Cloisterf**k: Landmark’s UM housing unfinished, students stuck in hotel

Developer informed tenants on Aug. 13 of the delays; expected move-in is now early September

Landmark Properties UM Cloisters Apartments Remain Unfinished
Landmark Properties J. Wesley Rogers and James Whitley with The Cloisters Miami (Landmark Properties, Google Maps, Getty)

Move-in day never goes smoothly for college students, but rarely does it end with staying at a hotel for weeks. 

That’s the case for would-be tenants of the Cloisters, a student apartment complex near the University of Miami, developed by Landmark Properties. Property management informed its student residents on Sunday, Aug. 13 that their apartments would not be ready for their arrival the following Friday, according to an email obtained by The Real Deal. Classes started this past Monday. 

“An unexpected and unfortunate delay has led our construction contractor to push back completion of the project,” the letter read. 

Just 12 days earlier, the management team was urging tenants to prepare for their “Move In, Groove In,” in an email stylized with psychedelic motifs and advice in preparation of the big day.

“We suggest you make your first payment by August 1st to avoid any move-in delays!” it read. 

Instead of moving students into their rented apartments, Athens, Georgia-based Landmark put them up in hotel rooms at the Thesis Hotel Miami. Thesis is a four-star hotel near the Coral Gables university campus with a pool, a gym and a free shuttle to school. The developer, led by CEO Wes Rogers, also offered tenants a $50 daily stipend for food and to reimburse the costs of storage for personal items in the interim, according to the letter. 

Amanda Mohamad, a sophomore at the University of Miami, filmed a TikTok from her room at the Thesis set to Taylor Swift’s song, “Never Grow Up.” The lyrics, “Here I am in my new apartment” openly jabbed at the fact that she was not, in fact, in her new apartment. 

Mohamad said she knows the delays are “not what [Landmark] wanted to happen.” Still, she is disappointed to be in a hotel room rather than her one-bedroom apartment, which will be closer to classes. She is on a waitlist for a mini fridge and a microwave, and is doing her laundry in the one machine on the hotel’s fourth floor, she said. 

After a drive-by of the Cloisters site with her parents, the journalism student also doubts her move-in date will come any time soon. “Looking at the outside alone it looks like there is a lot of work to be done,” she said. 

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In its message on Aug. 13, Landmark offered Sept. 2 and 3 as new move-in dates for tenants. 

The developer offered a less specific timeline in a statement to TRD, writing, “We anticipate welcoming all residents to the Cloisters Miami by early September.”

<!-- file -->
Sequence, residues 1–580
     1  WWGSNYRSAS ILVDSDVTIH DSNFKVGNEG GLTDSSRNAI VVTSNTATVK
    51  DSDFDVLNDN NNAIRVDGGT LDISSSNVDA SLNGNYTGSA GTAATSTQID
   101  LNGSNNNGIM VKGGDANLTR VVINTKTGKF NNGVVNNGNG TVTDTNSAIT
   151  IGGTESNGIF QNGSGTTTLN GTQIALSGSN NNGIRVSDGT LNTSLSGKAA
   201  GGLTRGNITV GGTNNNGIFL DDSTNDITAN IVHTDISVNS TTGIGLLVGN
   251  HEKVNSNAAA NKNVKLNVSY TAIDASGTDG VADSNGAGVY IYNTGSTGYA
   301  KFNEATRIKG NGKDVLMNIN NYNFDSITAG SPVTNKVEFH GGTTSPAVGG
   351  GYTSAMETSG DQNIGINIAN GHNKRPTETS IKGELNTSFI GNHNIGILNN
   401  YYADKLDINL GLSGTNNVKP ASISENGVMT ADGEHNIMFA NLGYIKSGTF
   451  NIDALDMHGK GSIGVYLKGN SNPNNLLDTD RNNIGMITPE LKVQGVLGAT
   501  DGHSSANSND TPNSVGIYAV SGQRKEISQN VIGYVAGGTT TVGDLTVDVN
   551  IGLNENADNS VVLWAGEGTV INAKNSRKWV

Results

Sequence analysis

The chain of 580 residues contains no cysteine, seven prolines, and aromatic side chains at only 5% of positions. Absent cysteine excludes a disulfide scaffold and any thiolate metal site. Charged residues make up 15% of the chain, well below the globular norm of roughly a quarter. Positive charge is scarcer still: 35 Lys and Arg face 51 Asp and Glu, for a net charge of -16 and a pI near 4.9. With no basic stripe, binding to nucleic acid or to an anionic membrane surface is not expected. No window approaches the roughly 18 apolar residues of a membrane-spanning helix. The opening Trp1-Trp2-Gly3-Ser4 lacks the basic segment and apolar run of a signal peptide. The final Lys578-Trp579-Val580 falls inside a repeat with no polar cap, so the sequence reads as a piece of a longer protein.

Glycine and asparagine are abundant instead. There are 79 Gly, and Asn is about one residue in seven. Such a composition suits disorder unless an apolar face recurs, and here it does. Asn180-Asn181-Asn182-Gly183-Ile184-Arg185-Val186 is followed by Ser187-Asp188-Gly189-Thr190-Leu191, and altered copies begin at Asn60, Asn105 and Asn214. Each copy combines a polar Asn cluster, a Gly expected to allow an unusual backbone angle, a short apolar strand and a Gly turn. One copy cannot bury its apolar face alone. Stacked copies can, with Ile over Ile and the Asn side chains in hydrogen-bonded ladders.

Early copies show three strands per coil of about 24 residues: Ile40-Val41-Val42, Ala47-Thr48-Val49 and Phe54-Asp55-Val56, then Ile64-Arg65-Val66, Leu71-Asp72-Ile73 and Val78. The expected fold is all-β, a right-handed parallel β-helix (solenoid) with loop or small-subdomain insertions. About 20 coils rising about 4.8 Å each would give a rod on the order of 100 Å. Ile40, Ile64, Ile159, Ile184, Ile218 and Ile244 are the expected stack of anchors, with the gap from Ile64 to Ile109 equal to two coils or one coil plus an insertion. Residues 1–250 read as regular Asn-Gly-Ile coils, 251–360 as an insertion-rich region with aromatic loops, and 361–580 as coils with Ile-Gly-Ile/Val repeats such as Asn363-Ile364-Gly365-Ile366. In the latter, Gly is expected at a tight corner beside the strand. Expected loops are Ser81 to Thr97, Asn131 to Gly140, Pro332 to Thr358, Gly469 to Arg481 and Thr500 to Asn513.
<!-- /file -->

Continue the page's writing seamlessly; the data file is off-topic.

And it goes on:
Landmark noted that the Cloisters still requires construction work as well as county government approvals. Records show the apartment complex has yet to receive its temporary certificate of occupancy.

It also confirmed that rent payments will be expected, even if construction delays persist. “Landmark plans to follow payment timelines as outlined in the lease,” it said in a separate statement.

The project’s general contractor, Miami-based BDI Construction, did not respond to requests for comment. 

Landmark bought the Cloisters site for $23.3 million in 2021. The acquisition included the existing apartment complex at 5830 Southwest 57th Avenue, and an adjacent, vacant 2-acre parcel. 

Last year, the developer announced plans to expand the Cloisters, adding 36 townhomes with 168 bedrooms on the vacant land, and renovating the existing units. According to the plans, the completed Cloisters project will have 115 units, 296 bedrooms and 191 parking spaces. The Winter family’s W5 Group and private equity firm Peninsula U.S. Real Estate are also investors in the project.

Landmark Properties has student housing complexes across Florida and throughout the country, with $11 billion in assets under management, according to a recent press release. In an interview with CNBC on Thursday, CEO Rogers noted the firm focuses on top 200 universities, like the University of Miami, many of which have student housing shortages. High demand and short supply for student apartments means “very consistent and stable cash flows over a long period of time,” he said in the interview.

Players across the real estate industry recognize the profit potential in student housing. In 2021, Landmark partnered with investment giant Blackstone on a $748 million joint venture to acquire a 5,400-bed student housing portfolio. Last year, Blackstone doubled down on student housing and bought American Campus Communities for $12.8 billion.

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